The junior success did not just lie with the Griffiths Brothers. Hannah Boden took the Girls Under 16 European Title after winning all of her matches in the round robin group. Although Hannah played the tennis due to it being a group she had all 3 of her matches won after the squash. Her toughest match was against newcomer Olivia Chivers who followed closely behind Hannah taking the silver medal in an impressive European debut. Hannah also played in the women’s Elite category where she finished 19th overall after losing her opening match to Sweden’s Lina Lindholm. Lauren Whiteman also brought home a medal in the girls under 21’s. A defeat to the current women’s world number one (Christine Seehofer) and a narrow defeat to the number two seed (runner up in the 2014 world champs, Bettina Bugl), with Lauren playing what was described as “unrecognisable squash” (in a good way) saw her come third taking the Bronze medal. This was to the delight of her travelling fans in the shape of her mum and dad.

 


Lauren's Travelling Support

 

GB’s singles success continued in the Over something categories with Barbara Capper, Richard Middleton and Neil Rayner who between them achieved a medal of each colour. Barbara took the Over 40’s title winning all 3 of her matches without needing to pick up her tennis racket. She also won her first match in the elite draw before losing to the world tour race champion Anna-Klara Ahlmer. Number 1 seed Richard Middleton aimed to follow in Barbara’s footsteps with a victory in the seniors over 50’s. Richard went into the tennis with a 3 point lead having made a great come back winning the squash 21-4 after losing the badminton to the same score. Unfortunately Richard was unable to reach his target of 18 points losing the tennis narrowly to 15. The senior medals weren’t to end there with Neil Rayner winning a bronze medal in the over 55’s, losing to the number 1 seed and eventual winner Peter Sakovics in the semi-finals before defeating the number 3 seed to take the bronze medal and a place on the podium.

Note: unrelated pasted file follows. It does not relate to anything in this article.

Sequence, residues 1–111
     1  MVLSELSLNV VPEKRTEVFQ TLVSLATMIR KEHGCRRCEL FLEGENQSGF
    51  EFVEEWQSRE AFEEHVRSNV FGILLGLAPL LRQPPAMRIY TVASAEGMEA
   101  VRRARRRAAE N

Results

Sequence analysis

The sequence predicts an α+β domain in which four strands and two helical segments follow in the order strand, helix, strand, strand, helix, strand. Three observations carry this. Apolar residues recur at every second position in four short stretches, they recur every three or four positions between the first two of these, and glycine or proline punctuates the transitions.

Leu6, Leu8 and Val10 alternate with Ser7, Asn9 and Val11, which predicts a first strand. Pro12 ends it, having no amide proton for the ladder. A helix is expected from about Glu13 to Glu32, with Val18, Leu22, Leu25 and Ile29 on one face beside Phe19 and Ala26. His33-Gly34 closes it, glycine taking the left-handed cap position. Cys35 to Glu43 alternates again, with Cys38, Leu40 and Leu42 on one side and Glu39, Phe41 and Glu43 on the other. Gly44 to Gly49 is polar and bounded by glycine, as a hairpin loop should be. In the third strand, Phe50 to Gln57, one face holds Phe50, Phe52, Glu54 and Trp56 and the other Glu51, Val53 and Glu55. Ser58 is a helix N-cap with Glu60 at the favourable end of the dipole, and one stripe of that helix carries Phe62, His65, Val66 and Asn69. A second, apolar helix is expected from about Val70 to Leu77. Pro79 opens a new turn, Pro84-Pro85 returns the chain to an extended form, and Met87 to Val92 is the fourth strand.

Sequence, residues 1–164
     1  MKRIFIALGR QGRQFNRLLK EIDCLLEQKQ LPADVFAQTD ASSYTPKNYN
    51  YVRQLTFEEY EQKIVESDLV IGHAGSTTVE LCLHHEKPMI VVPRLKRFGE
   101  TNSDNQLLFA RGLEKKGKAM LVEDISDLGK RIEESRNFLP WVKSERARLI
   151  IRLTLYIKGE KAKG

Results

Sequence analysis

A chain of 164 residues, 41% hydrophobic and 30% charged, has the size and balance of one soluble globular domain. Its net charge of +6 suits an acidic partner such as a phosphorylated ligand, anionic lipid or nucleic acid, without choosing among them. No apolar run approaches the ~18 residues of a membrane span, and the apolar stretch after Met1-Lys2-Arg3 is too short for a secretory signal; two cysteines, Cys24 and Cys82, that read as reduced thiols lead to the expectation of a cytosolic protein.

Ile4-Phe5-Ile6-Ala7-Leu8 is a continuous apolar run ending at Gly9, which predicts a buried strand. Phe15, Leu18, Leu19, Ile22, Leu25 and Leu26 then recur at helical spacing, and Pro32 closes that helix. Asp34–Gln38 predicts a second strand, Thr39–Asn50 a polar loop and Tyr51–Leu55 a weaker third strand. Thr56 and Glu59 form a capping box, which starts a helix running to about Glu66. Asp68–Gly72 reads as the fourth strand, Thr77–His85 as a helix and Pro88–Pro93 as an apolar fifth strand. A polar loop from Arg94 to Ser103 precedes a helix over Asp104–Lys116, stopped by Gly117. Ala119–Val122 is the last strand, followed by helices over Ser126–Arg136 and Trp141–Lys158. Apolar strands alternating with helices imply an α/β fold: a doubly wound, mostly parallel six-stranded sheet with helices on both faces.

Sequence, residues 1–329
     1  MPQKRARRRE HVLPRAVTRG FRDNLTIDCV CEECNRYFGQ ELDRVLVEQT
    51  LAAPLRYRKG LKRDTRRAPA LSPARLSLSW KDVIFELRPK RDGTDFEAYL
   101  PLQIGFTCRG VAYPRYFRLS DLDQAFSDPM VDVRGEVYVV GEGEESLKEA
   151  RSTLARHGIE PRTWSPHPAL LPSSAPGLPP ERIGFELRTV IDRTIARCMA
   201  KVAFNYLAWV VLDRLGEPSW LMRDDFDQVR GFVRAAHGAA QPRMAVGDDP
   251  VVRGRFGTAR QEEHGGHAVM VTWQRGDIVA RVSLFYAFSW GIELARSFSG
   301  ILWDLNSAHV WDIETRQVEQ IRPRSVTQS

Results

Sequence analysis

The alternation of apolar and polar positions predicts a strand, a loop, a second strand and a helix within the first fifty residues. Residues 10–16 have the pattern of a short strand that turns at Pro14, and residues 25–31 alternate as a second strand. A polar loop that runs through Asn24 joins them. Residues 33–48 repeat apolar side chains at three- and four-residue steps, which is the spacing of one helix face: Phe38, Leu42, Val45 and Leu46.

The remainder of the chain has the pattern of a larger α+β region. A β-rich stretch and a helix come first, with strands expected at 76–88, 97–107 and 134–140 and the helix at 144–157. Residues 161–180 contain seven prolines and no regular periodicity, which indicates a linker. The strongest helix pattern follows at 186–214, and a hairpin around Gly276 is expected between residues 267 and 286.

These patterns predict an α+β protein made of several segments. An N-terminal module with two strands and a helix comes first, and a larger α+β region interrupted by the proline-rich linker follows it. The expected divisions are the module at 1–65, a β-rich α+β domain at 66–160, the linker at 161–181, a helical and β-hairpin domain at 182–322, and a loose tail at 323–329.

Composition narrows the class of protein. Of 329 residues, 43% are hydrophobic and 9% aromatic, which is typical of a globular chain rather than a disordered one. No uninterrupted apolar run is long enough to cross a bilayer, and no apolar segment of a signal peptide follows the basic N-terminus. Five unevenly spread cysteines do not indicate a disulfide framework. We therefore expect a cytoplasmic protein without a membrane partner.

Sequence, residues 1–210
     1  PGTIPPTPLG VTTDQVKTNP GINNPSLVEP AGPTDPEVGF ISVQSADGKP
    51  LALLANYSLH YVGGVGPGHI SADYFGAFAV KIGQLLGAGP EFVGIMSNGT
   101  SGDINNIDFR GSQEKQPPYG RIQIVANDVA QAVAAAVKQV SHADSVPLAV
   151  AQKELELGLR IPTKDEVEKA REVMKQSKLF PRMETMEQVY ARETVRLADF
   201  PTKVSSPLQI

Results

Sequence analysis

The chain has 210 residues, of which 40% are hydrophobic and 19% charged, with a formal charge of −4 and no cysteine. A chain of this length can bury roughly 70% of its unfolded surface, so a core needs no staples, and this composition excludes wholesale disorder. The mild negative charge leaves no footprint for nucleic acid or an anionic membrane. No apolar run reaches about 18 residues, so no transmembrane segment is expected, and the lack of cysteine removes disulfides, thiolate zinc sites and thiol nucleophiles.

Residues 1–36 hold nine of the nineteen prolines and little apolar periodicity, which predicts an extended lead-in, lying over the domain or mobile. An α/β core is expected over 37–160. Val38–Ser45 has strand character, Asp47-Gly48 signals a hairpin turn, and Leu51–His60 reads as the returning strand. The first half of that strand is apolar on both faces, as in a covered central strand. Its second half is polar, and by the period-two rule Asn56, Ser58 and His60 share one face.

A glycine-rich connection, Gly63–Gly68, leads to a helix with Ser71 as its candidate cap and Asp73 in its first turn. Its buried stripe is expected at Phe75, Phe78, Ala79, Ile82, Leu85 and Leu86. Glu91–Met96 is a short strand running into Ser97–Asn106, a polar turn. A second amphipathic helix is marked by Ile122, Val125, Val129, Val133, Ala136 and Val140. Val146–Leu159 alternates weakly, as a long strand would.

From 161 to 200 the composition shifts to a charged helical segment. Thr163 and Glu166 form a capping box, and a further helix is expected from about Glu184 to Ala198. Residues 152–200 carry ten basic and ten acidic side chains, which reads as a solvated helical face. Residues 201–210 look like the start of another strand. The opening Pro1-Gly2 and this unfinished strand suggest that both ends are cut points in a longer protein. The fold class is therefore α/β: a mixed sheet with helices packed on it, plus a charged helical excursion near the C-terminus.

Final European Singles Championships Medals Table

Rank

Nation

Gold

Silver

Bronze

Total

1

Great Britain

4

3

2

9

2

Czech Republic

3

0

1

4

3

Finland

2

4

0

6

4

Sweden

2

3

1

6

5

Austria

2

2

5

9

6

Denmark

2

1

2

5

7

Hungary

2

1

1

4

8

Russia

1

1

0

2

9

Germany

0

2

0

2

10

Holland

0

1

1

2

11

Switzerland

0

0

3

3

12

Belgium

0

0

1

1

12

Poland

0

0

1

1

Even though there was limited success for GB in the open categories, Great Britain showed the talent we possess and the development our nation has made and is going to continue to make.  Alex Du Noyer impressed in the Men’s B with a quarter-final appearance amongst a raft of GB entries battling away.  The greatest non-podium match performance must go to Dan Busby who despite losing his first round match continued to win his next 3 including a victory of world number 8 and new FIR president Kresten Hougaard by 8 points. Overall GB had a successful European Championships and will hope to replicate this and do even better at the worlds in Copenhagen in July 2016.